In the case of our twins, the adoption itself, although it happened when they were newborns, was a serious trauma that they are still healing from. What kids like this need is more compassion, patience (though it sometimes seems impossible), and being heard; not more stress such as time outs (we tried those, too, with zero results and only increased stress for everyone). Being heard is especially important to kids like my daughter, who want to be in control, and insist that things be done their way or they have a fit.

I recommend the following resources to deal with children who seem particularly angry or impossible to please.

http://www.postinstitute.com/
http://www.beyondconsequences.com/index.html
http://www.coaching-forlife.com/
http://www.cnvc.org/
http://www.feingold.org/ **(this is just one of many diets, it may or may not be right for your child; please consult a physician or natural healer)

Good luck, and peace to you and your family!

A little about me:
My spouse and I have been married 8 years, and we adopted our 4 1/2 year old boy-and-girl twins shortly after their birth.

K., I agree whole-heartedly with the advice to ignore him and walk away when he's throwing a tantrum. Tantrums are typically a way of obtaining attention, even if they don't get the child what he or she wants. If everyone walks away and ignores him (don't say anything to him, don't appear to be checking on him, etc), he'll stop when he realizes that no one is paying him any attention. Keep doing it. When he stops the tantrum and comes to you, ask him to use words to tell you what he wants. Each time he's finished, ask him to calmly explain what he wants and it will reinforce verbalizing his wants rather than throwing a fit. It takes time, but eventually the behavior does decrease and disappear.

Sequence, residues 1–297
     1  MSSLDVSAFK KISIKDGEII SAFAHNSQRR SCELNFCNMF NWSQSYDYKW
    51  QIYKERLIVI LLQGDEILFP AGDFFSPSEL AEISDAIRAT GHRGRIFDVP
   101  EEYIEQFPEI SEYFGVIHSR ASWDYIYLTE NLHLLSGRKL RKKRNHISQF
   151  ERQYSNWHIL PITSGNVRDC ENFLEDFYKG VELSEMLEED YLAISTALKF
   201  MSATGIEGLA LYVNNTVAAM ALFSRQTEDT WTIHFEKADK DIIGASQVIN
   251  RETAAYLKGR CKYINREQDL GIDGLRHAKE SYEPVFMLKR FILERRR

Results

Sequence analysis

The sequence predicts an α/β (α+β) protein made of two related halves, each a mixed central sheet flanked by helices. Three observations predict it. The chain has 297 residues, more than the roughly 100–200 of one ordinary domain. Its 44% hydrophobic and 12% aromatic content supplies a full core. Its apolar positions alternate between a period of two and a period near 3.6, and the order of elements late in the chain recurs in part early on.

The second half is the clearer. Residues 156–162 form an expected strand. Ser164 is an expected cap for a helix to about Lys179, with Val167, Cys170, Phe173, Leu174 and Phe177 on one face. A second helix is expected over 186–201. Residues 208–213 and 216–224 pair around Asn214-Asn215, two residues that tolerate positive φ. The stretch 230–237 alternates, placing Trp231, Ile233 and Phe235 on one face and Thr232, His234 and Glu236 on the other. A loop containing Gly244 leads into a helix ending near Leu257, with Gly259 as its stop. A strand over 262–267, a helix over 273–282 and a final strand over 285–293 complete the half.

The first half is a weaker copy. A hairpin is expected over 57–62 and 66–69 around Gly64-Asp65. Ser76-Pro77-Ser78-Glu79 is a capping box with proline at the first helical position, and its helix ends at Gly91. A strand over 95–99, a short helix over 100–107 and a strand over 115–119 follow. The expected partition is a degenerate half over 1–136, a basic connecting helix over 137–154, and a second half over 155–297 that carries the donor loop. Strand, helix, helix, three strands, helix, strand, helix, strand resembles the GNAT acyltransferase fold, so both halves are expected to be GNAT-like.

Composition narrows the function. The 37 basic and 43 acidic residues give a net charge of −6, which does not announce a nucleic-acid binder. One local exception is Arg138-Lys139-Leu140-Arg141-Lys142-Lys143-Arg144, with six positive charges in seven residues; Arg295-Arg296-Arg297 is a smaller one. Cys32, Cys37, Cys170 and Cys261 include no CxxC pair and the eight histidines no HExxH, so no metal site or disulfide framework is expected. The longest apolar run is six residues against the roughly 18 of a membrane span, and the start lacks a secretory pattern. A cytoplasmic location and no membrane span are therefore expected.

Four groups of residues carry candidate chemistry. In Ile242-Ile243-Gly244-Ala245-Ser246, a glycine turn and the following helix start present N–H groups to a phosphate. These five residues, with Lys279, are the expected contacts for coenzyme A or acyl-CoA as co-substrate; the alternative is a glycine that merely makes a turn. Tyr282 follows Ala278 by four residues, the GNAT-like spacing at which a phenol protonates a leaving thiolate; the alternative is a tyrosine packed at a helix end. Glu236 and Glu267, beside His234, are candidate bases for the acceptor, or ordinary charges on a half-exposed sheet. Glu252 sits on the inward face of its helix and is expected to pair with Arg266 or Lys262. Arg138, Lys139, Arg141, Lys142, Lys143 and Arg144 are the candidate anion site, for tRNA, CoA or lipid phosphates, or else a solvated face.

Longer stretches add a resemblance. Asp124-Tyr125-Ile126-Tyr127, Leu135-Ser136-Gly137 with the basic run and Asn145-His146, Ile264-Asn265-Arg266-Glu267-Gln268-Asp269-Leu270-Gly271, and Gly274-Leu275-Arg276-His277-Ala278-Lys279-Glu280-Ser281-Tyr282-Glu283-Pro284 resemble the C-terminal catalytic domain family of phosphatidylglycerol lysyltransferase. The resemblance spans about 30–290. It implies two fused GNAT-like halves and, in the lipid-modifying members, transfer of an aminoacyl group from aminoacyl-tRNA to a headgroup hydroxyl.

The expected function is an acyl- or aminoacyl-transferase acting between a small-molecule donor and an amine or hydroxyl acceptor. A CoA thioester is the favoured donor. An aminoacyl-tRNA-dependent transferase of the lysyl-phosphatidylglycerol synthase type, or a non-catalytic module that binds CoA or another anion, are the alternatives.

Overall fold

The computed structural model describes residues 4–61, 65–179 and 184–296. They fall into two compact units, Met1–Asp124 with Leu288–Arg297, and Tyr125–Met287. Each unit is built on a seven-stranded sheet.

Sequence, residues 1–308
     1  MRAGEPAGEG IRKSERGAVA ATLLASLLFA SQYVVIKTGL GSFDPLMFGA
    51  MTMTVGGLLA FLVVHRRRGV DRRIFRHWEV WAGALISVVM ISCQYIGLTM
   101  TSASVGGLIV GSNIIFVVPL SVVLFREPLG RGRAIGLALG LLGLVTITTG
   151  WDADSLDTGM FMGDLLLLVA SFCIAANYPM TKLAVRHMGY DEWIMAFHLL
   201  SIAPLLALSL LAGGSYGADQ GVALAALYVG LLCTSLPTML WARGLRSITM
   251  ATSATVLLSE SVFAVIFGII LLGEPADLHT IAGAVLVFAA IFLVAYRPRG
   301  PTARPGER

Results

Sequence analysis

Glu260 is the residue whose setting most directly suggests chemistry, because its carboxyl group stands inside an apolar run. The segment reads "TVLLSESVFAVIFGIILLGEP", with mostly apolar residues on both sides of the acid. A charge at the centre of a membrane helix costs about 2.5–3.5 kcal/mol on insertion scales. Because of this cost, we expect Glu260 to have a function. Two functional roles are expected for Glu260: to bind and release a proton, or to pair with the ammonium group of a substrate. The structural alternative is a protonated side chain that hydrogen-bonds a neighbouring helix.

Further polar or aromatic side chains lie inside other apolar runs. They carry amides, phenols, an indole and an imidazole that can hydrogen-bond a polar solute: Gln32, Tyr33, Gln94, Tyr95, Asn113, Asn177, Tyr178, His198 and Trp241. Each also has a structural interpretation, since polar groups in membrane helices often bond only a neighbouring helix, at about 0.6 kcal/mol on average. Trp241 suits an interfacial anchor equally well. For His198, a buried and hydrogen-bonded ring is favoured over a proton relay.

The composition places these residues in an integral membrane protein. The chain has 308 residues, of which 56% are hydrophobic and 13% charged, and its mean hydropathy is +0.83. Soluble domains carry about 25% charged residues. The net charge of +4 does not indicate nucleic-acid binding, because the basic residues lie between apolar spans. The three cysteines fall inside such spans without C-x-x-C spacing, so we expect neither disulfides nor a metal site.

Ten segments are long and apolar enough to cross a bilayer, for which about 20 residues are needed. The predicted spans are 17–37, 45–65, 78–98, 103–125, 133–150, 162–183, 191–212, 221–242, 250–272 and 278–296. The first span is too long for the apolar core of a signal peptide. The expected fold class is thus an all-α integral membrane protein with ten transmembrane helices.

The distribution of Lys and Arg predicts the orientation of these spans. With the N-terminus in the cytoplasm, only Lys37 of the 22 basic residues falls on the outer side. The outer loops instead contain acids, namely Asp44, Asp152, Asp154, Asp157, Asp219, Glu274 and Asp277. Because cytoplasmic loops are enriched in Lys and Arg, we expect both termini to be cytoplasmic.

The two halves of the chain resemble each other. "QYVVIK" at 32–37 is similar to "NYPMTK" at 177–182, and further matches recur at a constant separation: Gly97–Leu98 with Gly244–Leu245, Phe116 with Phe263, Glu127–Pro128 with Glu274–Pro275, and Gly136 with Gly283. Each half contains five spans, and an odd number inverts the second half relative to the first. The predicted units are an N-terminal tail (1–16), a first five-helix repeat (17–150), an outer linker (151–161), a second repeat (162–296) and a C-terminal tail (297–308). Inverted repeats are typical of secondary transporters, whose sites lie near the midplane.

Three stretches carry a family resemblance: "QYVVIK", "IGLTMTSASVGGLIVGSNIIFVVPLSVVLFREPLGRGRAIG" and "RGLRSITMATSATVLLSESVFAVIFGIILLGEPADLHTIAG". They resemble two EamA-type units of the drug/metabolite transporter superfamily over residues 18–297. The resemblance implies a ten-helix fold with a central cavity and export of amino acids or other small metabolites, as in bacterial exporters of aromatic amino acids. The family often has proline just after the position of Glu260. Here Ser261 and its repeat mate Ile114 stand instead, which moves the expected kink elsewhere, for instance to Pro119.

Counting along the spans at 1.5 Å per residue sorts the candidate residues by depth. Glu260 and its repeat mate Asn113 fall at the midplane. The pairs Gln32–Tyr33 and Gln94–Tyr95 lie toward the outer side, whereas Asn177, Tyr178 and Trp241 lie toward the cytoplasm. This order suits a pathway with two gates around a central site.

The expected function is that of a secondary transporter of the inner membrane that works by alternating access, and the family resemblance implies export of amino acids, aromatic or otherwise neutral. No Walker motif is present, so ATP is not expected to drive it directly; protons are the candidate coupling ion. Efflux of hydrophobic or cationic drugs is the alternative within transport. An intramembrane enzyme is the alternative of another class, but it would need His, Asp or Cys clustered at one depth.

2 things work best for me: (At my house, we call them the Terrible 2's, and Tyrannical 3's ) ;)

1.Explain to him the reason for the decision...
"no, you can only have a few crackers....it's almost lunch time" Then ignore him...walk away from him when he's throwing his fit and don't acknowledge him until he's calmed down. It's hard, but effective.

2. Give him a choice. " You can either have 4 crackers, or you may have an apple" Now that my youngest is 5...the choice has become, "you can either have 4 crackers, or 0 crackers.....you decide.

Good luck!

Hmm, sounds like a typical 3 year old! They call them the terrible 2's, but I think the 3's are worse! My son who is also 3 has begun to throw tantrums when he doesn't get what he wants, or is asked to do something he doesn't want to do. I have found the easiest thing is to ignore and walk away until the fit is done. It helps me remain calm and also enforces that my son will not get my attention until he is calm as well. Good luck to you, and remember, this is a phase and this too shall pass.

I would stay as calm as you can and let him throw his fit. Ignore him to the best of your ability and tell him that the amount of crackers he gets is what he gets. If he chooses to be angry, then he doesn't need the crackers. He has a right to be mad-but the way he is expressing himself is inappropriate. I know that sounds like a lot to tell a 3 year old, but they are smarter than you know. I have a home childcare business and the sooner they know that you can't be pushed or bothered by their tantrums, they are more receptive to just saying. I wanted more crackers. Then they are okay with you telling them-if you eat all of those I will get you more if you ask nicely. Then it's not such a big deal. There are a lot of times when a child is throwing a tantrum when I will turn away from them, fold my arms, and close my eyes. Then they know that I am not giving them one bit of attention. I don't respond until they settle down and start to verbalize their feelings. It's a tough road especially if you have a strong one. You need to prove that you are stronger. Stay stong!!